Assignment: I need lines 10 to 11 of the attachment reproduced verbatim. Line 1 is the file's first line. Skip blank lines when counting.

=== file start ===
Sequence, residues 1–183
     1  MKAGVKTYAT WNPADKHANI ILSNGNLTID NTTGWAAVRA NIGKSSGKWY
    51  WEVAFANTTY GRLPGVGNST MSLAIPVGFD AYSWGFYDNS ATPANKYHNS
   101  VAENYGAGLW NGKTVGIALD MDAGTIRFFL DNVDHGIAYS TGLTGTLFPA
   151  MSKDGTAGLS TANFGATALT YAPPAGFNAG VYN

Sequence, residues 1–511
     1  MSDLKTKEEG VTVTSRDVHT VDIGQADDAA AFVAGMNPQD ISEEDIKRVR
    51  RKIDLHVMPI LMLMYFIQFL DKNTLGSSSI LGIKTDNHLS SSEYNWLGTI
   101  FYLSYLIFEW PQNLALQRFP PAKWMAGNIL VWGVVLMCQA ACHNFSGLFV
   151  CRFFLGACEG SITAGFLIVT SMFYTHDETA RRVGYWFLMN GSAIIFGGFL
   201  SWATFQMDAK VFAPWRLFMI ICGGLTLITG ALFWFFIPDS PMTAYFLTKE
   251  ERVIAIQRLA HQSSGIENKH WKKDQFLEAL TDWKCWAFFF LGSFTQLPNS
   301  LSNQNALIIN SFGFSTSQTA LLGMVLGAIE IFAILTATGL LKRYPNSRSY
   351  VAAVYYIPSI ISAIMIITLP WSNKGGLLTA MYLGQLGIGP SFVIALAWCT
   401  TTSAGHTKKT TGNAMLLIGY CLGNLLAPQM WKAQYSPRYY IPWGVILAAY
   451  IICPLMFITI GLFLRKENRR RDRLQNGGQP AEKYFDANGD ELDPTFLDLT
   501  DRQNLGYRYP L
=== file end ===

   151  CRFFLGACEG SITAGFLIVT SMFYTHDETA RRVGYWFLMN GSAIIFGGFL
   201  SWATFQMDAK VFAPWRLFMI ICGGLTLITG ALFWFFIPDS PMTAYFLTKE